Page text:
The corner construction in FIG. 1 includes a square aluminum or plastic molding or extrusion block 50 which has sides 52 connected by webs 54 to a cylindrical wall 56 which has an axial recess 60.
At the corner of the block 50 where the two side plates converge are parallel webs 62 which are integral with converging sides 52 and with an outer corner pillar 64, which has top and bottom ends which are flush with the outer surfaces of the top and bottom surface elements 20, 22. These surface elements overlie the remainder of the block 50, that is, the sides 52 and webs 54, 62. The pillar 64 has wing tabs 66 and 68 shaped and dimensioned to enter the re-entrant groove 38,38 so the corner block is securely established as an integral part of the panel, locked into the two side extruded plates 30 and between the top and bottom surface elements 20 and 22.
Thus, any corner impact on the panel will be resisted by the block 50 and the pillar 64 which are solidly mounted between the top and bottom surfaces 20, 21 and the side plates 30.
In FIGS. 3 and 4, a modified impact corner is illustrated. Reference characters applied to FIGS. 1 and 2 are applied to similar parts in FIGS. 3 and 4. The corner insert is, in this case, shaped like a trapezium with two forward walls 80 at right angles to each other and two rearwardly extending walls 82 merging in a rounded surface 84 inside of which is a cylindrical opening 86. The corner pillar 90 is formed at the juncture of walls 80, and webs 92 reinforce the entire structure. The pillar 90 extends above and below the general plane of the insert at 94 and 96. Side wings 98 cooperate with the re-entrant grooves 38 in the panel side plates 30.
The high impact corners illustrated in FIGS. 1 to 4 also serve to support the panels at the corners. As illustrated in FIGS. 5 and 6, a support leg 99 will be securely attached to a flanged conical projection 100 having a central bore 101 and a bottom flange 102 and also a depending shaft 104 which is embedded in the support leg. The support legs may have a series of two or four spaced projections to engage adjacent panels in an extended stage array. Each conical projection 100 has recessed opposed detent balls 110 to cooperate with a receiving socket 120 having a cylindrical bore 60. This socket can either be cast into the impact corner as in FIGS. 1 and 2 or inserted and retained in the cylindrical recess 86 of FIGS. 3 and 4.
The receiving socket bore 60 has two axially spaced, annular grooves 122 and 124. As shown in FIG. 7, a top plug insert 130 shown diagrammatically is generally cylindrical in shape and has embedded in the lower end a metal pin 132 with a tapered end 134. The top of the insert has a central hole 136 and side bores 138.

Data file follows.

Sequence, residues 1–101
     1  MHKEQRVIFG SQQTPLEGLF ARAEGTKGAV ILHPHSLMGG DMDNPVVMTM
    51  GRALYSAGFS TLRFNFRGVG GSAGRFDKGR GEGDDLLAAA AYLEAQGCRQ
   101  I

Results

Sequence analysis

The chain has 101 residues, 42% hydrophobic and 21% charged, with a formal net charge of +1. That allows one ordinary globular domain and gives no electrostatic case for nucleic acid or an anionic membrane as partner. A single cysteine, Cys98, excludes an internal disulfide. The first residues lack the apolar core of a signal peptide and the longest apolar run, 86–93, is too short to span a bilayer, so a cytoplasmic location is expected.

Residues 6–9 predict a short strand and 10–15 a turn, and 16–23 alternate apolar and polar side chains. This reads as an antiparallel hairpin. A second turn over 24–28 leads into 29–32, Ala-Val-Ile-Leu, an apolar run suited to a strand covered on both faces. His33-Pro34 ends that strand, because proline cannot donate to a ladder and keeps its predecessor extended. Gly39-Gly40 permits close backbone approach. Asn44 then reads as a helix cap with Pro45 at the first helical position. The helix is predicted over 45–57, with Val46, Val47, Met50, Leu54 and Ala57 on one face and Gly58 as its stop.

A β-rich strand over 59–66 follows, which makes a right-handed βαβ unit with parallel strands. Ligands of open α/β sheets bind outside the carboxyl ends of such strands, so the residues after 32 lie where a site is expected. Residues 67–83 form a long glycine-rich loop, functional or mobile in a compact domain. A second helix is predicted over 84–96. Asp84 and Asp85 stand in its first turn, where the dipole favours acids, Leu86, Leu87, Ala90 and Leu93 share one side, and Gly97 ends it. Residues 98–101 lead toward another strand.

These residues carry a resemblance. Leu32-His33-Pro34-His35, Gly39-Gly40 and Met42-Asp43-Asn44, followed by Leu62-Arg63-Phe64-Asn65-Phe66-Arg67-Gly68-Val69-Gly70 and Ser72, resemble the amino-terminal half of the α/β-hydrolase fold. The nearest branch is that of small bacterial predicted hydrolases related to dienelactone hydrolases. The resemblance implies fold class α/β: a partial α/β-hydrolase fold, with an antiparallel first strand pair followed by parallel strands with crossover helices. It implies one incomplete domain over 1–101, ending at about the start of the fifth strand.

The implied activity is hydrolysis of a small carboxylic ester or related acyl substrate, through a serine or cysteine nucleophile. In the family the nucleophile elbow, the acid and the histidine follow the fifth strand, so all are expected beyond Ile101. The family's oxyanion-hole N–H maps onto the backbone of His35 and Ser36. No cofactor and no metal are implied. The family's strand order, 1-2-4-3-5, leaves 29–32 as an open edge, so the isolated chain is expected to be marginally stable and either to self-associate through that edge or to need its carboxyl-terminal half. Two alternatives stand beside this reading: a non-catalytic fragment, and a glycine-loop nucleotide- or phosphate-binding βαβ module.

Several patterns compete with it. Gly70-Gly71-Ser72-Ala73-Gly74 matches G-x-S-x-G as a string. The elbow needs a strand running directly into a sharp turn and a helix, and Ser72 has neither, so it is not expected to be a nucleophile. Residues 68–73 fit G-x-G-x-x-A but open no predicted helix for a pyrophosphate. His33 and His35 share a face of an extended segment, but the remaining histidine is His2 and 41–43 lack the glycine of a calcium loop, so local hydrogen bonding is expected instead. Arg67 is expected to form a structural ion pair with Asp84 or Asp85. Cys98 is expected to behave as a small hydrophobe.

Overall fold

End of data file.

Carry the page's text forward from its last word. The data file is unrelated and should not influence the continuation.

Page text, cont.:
In FIG. 8, a looped hook tool 139 has a toe portion 139A which can be inserted in hole 136 and a bore 138 to lift the insert 130.
Referring again to FIG. 7, there are resilient projections 140 and 142 on the outer surface of insert 130 which will provide an interference fit in the socket bore 60. These projections will engage the upper groove 122 to position and retain the insert in the bore when the panel is not in an operative position.
In FIG. 9, an elevation of an actual operative insert 130 is shown. The insert is basically cylindrical and has a steel pin 132 mounted centrally in one end. The opposite end has a central opening 136 to receive the toe end 139A of retraction tool 139 (FIG. 8). An oblong passage 150 extends through the insert intersecting the central hole 136. This passage accommodates the toe 139A of the tool 139 to allow lifting of the insert. Elongate side openings 151, FIGS. 9 and 10, separated by a web 152, are non-functional but provided to lighten the insert and save material. As viewed in FIG. 9, there are opposed, axially spaced, chordal cored openings 154 separated by webs 156. Extending axially from each of these webs 156 are chordal projections 140 and 142 connected to the webs 154 by resilient neck portions 158. The projections 140, 142 are rounded in both the axial and transverse dimension (FIGS. 9 and 10) to cooperate with annular grooves 122 and 124 in the socket recess 60 of socket 120.